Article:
The sequencing project was done in collaboration with Scott O'Neill, an Australian biologist from the University of Queensland. He says that scientific interest in Wolbachia has intensified in recent years because the microbes infect so many arthropods and also because they influence many fundamental biological processes in their hosts.
"Wolbachia represent an excellent model for understanding fundamental interactions that occur between organisms," says O'Neill. In addition to the "intriguing evolutionary implications" of Wolbachia infections, he says research into such infections "has a lot of potential to reduce the impact of insect-transmitted diseases."
Biologists are interested in Wolbachia for many reasons, most notably the microbe's tendency to cause negative effects only to males of their host species. Such adverse impacts include:
- Parthenogenesis (infected females reproducing in the absence of mating to produce infected female offspring)
- Feminization (infected males being converted into females)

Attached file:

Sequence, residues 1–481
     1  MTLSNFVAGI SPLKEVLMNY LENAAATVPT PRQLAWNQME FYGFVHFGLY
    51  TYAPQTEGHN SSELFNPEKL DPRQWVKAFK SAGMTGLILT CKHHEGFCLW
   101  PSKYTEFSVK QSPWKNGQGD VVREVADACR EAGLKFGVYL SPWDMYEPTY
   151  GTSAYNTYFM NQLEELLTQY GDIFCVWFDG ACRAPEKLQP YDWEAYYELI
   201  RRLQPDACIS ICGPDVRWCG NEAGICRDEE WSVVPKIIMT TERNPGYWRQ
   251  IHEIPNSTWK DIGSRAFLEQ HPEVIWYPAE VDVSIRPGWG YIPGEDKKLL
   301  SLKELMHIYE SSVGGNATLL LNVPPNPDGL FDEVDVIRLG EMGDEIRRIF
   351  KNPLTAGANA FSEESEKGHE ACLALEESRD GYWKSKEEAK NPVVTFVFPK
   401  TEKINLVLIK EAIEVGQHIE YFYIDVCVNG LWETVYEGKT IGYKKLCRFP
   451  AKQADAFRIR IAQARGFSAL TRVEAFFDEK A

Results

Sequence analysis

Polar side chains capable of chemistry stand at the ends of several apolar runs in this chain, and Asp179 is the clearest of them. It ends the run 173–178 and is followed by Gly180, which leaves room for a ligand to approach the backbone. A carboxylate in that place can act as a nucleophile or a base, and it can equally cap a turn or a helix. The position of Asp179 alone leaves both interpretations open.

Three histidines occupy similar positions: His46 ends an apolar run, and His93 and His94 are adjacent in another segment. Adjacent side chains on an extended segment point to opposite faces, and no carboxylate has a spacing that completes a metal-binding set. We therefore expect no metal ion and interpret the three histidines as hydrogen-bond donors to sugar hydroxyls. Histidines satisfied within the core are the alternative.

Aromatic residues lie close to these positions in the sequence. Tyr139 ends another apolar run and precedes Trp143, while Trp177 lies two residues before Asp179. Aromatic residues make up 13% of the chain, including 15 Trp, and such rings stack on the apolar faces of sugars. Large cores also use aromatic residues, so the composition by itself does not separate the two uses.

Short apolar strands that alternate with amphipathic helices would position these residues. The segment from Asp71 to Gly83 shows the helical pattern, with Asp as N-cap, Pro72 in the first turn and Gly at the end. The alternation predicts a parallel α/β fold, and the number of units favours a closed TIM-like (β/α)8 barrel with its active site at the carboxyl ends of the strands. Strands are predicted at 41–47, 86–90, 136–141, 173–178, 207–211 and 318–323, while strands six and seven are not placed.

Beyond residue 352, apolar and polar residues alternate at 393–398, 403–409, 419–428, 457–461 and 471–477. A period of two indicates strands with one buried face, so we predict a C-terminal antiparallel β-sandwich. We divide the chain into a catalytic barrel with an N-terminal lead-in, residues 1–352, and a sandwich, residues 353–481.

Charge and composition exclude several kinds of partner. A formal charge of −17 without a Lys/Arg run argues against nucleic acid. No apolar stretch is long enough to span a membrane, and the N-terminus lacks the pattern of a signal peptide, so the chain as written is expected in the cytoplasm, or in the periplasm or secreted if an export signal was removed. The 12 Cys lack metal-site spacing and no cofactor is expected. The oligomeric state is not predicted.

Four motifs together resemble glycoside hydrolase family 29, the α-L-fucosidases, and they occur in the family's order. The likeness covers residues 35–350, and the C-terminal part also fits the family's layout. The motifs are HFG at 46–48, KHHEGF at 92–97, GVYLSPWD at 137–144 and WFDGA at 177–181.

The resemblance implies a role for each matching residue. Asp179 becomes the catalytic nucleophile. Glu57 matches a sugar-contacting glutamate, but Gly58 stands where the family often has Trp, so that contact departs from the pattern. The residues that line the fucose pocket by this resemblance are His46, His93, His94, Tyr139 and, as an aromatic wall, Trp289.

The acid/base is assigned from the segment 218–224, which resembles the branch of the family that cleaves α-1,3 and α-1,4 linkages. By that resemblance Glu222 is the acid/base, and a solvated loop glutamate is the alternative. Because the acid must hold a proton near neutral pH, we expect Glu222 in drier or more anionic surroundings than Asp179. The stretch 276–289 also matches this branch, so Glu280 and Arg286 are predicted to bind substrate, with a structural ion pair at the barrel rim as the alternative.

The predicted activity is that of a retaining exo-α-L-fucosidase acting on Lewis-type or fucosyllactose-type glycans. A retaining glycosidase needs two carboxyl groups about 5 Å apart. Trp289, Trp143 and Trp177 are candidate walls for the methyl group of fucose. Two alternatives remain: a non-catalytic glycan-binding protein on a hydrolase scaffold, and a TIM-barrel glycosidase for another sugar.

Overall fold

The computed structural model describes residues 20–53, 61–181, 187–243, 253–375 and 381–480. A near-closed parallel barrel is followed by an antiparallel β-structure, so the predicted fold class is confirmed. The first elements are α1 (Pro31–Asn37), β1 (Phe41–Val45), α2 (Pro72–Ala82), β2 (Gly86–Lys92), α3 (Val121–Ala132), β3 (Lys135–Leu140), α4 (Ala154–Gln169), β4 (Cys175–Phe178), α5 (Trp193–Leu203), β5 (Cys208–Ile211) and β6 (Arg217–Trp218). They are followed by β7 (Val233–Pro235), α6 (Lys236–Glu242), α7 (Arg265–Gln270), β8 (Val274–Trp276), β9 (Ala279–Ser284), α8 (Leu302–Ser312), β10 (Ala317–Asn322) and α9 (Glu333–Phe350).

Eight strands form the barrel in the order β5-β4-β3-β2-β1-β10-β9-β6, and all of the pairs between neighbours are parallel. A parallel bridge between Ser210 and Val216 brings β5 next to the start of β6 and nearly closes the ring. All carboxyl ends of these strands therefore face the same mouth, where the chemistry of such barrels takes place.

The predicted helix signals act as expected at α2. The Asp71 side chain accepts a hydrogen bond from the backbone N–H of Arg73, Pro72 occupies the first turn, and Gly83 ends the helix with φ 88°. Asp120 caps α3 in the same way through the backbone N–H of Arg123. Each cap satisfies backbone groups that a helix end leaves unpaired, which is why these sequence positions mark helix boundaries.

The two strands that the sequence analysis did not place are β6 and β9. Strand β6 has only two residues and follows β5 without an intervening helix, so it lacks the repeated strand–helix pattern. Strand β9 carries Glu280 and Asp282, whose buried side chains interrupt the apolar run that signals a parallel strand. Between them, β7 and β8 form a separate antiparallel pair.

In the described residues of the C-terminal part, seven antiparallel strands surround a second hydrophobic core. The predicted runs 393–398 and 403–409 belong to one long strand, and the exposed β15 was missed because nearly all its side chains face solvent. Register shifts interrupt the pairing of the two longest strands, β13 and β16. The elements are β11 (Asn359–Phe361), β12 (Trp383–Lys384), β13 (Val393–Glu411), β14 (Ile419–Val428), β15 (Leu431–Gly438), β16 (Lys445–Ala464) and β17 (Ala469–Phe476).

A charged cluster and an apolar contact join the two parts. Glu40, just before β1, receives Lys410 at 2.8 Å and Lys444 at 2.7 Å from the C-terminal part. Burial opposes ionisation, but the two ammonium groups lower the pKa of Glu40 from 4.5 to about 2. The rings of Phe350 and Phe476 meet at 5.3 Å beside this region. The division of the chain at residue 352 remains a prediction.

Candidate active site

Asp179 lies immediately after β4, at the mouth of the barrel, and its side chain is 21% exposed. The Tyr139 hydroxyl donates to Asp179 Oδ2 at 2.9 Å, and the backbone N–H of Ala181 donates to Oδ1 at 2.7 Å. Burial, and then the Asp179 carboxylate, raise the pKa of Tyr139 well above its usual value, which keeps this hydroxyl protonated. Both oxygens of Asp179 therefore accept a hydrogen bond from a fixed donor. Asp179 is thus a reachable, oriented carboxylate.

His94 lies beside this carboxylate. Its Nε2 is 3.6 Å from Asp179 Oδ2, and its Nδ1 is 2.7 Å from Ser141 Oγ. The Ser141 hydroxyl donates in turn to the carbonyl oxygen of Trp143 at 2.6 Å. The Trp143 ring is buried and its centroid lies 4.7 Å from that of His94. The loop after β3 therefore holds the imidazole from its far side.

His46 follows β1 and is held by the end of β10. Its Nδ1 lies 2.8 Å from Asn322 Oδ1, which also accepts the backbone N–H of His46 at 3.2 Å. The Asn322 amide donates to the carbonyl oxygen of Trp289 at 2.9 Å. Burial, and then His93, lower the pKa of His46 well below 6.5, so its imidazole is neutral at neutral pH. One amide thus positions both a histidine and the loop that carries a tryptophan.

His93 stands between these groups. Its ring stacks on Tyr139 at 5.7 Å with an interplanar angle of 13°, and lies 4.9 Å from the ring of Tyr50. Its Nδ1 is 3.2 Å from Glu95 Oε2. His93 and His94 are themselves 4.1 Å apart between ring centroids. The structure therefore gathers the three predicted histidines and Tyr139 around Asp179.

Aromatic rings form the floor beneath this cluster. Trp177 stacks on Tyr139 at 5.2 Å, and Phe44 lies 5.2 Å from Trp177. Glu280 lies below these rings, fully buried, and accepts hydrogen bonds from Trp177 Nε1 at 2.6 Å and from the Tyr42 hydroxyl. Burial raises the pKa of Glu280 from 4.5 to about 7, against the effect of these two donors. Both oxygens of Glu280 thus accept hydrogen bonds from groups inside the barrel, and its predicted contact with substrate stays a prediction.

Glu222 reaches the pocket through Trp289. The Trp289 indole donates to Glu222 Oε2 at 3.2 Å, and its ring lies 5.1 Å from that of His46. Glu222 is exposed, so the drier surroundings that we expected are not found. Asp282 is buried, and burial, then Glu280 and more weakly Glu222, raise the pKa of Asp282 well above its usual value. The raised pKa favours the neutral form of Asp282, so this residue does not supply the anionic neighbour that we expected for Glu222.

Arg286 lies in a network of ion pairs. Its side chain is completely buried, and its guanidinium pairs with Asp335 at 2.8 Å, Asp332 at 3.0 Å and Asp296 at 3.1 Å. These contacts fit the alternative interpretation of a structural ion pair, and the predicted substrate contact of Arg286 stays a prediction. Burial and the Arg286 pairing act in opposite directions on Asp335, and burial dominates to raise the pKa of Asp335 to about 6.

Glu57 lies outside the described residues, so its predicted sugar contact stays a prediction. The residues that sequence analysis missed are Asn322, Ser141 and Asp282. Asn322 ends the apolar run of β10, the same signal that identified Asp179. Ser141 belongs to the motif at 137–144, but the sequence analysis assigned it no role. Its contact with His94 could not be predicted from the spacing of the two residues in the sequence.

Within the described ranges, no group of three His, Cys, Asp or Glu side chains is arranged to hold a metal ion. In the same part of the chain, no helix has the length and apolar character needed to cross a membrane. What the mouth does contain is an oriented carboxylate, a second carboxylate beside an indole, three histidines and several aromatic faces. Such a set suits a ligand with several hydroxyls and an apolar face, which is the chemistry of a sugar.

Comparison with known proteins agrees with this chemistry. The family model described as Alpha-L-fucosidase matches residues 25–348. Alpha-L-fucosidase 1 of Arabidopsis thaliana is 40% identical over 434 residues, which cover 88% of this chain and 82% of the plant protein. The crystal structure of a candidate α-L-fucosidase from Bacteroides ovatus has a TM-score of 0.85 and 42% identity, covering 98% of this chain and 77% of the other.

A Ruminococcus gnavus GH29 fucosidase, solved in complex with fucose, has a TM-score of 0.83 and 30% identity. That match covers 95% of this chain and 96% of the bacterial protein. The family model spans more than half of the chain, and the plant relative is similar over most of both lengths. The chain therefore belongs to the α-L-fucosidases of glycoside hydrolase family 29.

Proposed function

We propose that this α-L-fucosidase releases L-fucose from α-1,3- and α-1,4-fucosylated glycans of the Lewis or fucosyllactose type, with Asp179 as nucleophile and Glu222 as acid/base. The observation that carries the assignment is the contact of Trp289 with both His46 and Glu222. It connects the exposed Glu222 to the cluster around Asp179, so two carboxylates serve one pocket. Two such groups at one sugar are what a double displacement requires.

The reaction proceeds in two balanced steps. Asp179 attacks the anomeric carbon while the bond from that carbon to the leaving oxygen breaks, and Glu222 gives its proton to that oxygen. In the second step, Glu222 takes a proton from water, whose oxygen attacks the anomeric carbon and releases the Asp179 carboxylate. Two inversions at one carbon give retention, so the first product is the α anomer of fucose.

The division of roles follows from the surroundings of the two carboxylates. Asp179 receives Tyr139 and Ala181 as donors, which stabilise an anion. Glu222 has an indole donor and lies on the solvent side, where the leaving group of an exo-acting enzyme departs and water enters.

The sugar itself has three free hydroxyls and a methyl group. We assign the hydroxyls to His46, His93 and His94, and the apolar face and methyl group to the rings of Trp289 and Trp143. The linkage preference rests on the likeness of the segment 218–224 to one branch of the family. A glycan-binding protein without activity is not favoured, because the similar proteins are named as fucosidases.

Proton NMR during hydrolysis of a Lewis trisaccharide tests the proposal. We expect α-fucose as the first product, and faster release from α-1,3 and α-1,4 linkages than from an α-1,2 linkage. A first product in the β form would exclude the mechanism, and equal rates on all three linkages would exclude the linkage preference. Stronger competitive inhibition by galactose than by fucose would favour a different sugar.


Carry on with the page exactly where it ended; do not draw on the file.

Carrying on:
- Male-killing (infected male embryos being selectively killed), and
- Cytoplasmic incompatibility (the limiting of reproduction of uninfected females that mate with infected males).
The male-targeted effects are thought to have arisen because Wolbachia are transmitted specifically from females to their offspring and thus can increase their transmission by eliminating the non-transmitting males.
Scientists say the Wolbachia genome will be useful for researchers seeking to develop new approaches to help treat victims of lymphatic filariasis, elephantiasis, and other human diseases caused by small worms (such as Brugia malayi) that cannot survive/reproduce without Wolbachia inside their cells.